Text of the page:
Sourdough Starter Recipe

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(Image credit: Future Publishing)
  • Dairy-free
  • Low-fat
  • Vegan
  • Vegetarian
Makes1+
SkillEasy
Preparation Time1 hours plus 5 days resting
Total Time1 hours plus 5 days resting

Make your own sourdough starter for home bread baking with our simple recipe

Making a sourdough starter is a way of creating a living wild yeast. You will need it to make our sourdough bread recipe. It is the ingredient that will cause your bread to rise and it is what gives sourdough its unique ‘sour’ flavour. This is a relatively quick starter to make compared with many methods. We favour this recipe as it’s both quicker and less wasteful.

Your starter will improve with age. As it gets older the flavour will develop, and the more that you feed it the more active it will become. We use Marriage's dark wholemeal rye flour. We have found that it works faster than white bread flour and will give your bread a darker colour. For consistent results ‘feed’ the starter at roughly the same time each day.

Remember, it does take time but it's much healthier than shop-bought bread. Even if it's spread with butter and one of our jams made from our jam recipe collection.

Ingredients

  • 200g Marriage’s Dark Rye Wholemeal Flour

You will need:

  • 1 litre container with a lid

Method

  1. DAY 1 In the container, mix 100g rye flour with 100ml water to make the starter. Loosely place the lid on top and leave at room temperature.
  2. DAYS2-4 Each day, feed the starter at around the same time, by mixing in 10ml water and 10g rye flour. Leave at room temperature with the lid placed on top. It will begin to bubble and grow.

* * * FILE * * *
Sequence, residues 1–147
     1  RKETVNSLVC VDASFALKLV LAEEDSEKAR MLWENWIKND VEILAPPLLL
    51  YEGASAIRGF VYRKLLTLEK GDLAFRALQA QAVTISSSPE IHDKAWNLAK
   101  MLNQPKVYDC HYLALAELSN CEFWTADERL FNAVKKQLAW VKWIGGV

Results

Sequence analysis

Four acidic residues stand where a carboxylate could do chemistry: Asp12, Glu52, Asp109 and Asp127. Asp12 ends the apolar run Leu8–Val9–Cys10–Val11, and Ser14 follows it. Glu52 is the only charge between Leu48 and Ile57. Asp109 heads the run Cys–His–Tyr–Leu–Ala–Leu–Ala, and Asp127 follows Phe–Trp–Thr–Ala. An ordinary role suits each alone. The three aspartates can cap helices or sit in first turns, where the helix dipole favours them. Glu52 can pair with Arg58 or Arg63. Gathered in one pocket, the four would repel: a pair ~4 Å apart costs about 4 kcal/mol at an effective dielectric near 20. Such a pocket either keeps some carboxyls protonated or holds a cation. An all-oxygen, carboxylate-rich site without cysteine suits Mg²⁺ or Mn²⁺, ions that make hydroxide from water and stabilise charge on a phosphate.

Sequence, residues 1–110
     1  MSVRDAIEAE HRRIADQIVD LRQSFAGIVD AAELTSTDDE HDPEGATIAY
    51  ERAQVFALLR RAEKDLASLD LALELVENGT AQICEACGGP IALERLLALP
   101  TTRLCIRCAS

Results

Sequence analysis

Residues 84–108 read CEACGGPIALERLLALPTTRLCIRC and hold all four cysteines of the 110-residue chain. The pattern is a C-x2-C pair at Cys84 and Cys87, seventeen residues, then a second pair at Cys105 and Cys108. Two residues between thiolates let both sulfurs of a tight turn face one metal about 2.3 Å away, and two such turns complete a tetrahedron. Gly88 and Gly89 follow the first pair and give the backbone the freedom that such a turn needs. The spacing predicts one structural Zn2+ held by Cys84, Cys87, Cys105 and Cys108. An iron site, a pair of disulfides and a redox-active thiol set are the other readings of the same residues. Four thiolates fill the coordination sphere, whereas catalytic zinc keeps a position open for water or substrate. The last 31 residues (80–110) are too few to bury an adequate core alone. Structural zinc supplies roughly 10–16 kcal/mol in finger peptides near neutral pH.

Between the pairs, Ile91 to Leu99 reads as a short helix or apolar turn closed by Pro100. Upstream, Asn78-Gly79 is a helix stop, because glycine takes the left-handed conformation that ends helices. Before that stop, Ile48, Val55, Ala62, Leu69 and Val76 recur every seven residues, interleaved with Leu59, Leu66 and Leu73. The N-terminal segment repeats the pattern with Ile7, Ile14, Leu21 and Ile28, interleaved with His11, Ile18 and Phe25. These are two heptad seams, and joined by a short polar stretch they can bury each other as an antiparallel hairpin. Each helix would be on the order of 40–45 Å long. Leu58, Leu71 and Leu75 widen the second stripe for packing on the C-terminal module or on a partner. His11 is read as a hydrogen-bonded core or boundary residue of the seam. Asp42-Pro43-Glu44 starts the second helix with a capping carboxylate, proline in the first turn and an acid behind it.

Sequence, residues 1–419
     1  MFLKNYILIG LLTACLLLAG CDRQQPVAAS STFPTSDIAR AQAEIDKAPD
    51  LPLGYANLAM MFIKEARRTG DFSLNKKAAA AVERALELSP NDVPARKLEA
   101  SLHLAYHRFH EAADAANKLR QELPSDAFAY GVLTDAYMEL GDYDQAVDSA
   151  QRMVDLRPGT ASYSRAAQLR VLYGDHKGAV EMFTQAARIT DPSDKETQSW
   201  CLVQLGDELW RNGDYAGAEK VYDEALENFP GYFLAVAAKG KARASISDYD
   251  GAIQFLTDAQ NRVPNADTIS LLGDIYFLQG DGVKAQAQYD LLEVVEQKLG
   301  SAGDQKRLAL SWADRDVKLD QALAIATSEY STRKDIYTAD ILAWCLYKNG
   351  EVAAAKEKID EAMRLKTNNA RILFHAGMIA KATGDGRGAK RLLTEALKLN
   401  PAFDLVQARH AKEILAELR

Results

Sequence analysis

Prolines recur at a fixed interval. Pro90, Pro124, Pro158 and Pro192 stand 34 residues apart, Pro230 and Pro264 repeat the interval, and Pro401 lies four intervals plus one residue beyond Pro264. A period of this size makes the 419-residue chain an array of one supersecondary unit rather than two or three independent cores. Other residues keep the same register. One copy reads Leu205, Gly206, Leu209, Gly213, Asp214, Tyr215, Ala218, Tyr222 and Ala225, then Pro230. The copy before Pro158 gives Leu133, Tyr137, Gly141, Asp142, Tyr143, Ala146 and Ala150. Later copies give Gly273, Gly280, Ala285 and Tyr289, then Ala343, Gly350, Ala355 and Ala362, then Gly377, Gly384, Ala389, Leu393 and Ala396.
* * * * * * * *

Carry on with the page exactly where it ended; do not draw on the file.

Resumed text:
3. DAY 5 The night before, or at least eight hours prior to making the bread, feed the starter with 70ml water and 70g rye our. Leave at room temperature. ✣ Don’t throw away the remainder; keep it in the fridge. While you’re not using the starter, feed it 10g rye flour and 10ml water every couple of weeks. Before using to make bread again, just repeat the Day 5 feed. You will be able to see if your starter is active, as it will grow and bubble. If you find that the starter is not very active, then simply repeat the Day 5 feed again. If your starter changes colour or grows mould, you may need to start again.
Top Tip for making Sourdough Starter

You could also try making this with plain white bread flour

Rose Fooks

Rose Fooks, Deputy Food Editor at Future plc, creates recipes, reviews products and writes food features for a range of lifestyle and homes titles including Goodto, Style at Home and woman&home. Since joining Future, Rose has had the pleasure of interviewing cookery royalty, Mary Berry, enjoyed the challenge of creating a home-based, lockdown baking shoot for woman&home, and had her work published in a range of online and print publications, including Feel Good Food.


Rose completed a degree in Art at Goldsmiths University and settled into a career in technology before deciding to take a plunge into the restaurant industry back in 2015. The realisation that cookery combined her two passions - creativity and love of food - inspired the move. Beginning as a commis chef at The Delaunay, Rose then worked at Zedel and went on to become a key member of the team that opened Islington’s popular Bellanger restaurant. 


In order to hone her patissier skills, Rose joined the Diplome de Patisserie and Culinary Management course at Le Cordon Bleu. Rose ran a food market in Islington championing local producers and cooked for a catering company that used only surplus food to supply events, before finding her way into publishing and food styling. 


Other than cooking, writing and eating, Rose spends her time developing her photography skills, strolling around her neighbourhood with her small, feisty dog Mimi, and planning the renovation of a dilapidated 17th-century property in the South West of France.